• Drama
  • Written by James Sarson
  • Directed by Miriam Dorfner
  • Produced by Clock Tower Theatre Company
  • Cast includes: Faebian Averies, Seren Vickers
  • AJ’s Coffee House, Cardiff
  • 9 – 11 November 2017
  • Review by Marine Furet
  • 10 November 2017
Bread
3.0Reviewer's Rating

Two women share their last meal while waiting for the world to come to an end. Bread balances a tender portrayal of the duo’s relationship with a strong pinch of dark apocalyptic humour, in a production by Cardiff-based company Clock Tower.

We are given few clues as to what might have precipitated the world’s last hours, although its signs – toxic air, extreme heat – seem to point us in the direction of a human-engineered cataclysm. Equally mysterious are the means by which the two unnamed protagonists have managed to make it through the disaster alive, when all life around them seems to have vanished.

Throughout, the play remains surprisingly understated about its characters’ perspective on their own, now impending, doom. Instead, James Sarson chooses the path of dark comedy, as the two women share their food and wine with what is likely to be the last rat on earth. The audience is seated on both sides of the table, giving us a full view of the meal. Faebian Averies’ and Seren Vickers’ interpretation is light-hearted, but their exchange evinces a sense of complicity damaged by last minute revelations and regrets. ‘One’ (played by Averies) is wry, but restrained and secretive. ‘Two’ (Vickers), while purporting to wear her heart on her sleeve, confesses to having “stockpiled” secrets about herself, and anxiously insists on her partner to ‘stay safe’, in a tone that is both loving and a bit overbearing. This obsessive behaviour is partly explained by the characters’ complete isolation from the outside world, transformed beyond recognition by a chain of catastrophic events, and turning every expedition into a dangerous gamble. The telling of one such adventure brings about a moment of great intensity – which Sarson, ultimately, deflates with one last wisecrack, giving Bread the air of a sketch from the end of the world. The play leaves off a little abruptly, in the end, but this is a very promising debut, and one that makes for a really good evening at the theatre.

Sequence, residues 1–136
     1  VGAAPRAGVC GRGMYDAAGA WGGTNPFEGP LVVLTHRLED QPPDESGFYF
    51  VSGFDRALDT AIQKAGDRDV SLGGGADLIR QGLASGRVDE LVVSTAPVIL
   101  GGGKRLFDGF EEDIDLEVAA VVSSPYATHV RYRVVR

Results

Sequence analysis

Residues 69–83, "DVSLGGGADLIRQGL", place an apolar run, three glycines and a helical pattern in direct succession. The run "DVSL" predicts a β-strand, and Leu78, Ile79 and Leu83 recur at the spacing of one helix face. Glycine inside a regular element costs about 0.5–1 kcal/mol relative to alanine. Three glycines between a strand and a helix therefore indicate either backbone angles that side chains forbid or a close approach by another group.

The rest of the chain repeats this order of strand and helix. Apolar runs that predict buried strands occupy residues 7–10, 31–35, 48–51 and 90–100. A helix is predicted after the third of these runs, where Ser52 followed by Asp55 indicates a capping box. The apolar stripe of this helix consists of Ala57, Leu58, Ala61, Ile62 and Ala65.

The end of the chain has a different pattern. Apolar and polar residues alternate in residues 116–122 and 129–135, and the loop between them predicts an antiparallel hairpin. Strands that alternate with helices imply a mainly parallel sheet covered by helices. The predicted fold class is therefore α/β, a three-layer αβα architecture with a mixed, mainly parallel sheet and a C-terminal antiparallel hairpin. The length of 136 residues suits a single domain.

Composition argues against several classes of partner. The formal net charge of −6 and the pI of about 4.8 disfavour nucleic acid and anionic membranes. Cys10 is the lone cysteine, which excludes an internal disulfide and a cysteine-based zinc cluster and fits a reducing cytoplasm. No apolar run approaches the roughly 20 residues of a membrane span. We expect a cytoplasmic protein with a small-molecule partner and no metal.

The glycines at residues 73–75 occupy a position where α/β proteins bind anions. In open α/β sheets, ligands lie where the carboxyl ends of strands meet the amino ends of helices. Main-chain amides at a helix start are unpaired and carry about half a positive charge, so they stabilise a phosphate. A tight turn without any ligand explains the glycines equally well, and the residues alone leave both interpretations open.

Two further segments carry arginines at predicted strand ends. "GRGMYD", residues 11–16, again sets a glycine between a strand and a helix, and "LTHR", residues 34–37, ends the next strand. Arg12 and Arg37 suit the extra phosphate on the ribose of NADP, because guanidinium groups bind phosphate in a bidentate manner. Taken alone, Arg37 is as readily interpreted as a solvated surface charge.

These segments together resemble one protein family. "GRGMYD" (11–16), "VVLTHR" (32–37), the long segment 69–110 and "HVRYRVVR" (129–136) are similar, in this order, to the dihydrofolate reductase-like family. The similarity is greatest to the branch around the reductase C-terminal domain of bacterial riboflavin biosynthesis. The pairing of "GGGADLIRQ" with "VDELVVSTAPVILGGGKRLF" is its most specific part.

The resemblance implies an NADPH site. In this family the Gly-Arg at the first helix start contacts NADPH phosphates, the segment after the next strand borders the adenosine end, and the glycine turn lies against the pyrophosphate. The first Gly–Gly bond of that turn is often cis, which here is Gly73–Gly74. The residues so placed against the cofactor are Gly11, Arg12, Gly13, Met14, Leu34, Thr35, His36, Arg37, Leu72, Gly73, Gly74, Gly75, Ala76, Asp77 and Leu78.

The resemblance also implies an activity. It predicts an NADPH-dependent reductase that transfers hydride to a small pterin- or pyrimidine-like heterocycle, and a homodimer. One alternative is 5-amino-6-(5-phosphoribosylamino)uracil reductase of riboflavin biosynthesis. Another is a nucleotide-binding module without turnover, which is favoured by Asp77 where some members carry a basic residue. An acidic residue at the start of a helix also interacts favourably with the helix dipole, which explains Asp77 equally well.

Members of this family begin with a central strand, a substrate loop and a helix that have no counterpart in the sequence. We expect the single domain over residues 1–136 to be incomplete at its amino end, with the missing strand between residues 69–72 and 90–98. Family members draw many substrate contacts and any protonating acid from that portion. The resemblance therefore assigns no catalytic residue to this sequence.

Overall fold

About The Author

Marine Furet is a PhD student at Cardiff University. She recently graduated with a Master’s degree in Modernist and contemporary literature at the University of Glasgow. After a few years spent thoroughly enjoying Scotland’s lively cultural scene, she is now immersing herself in the Welsh theatrical world. She particularly enjoys what her friends call ‘pessimistic political movies’, ‘experimental stuff’, and everything remotely connected to Angela Carter – but will really watch anything from panto to contemporary dance.

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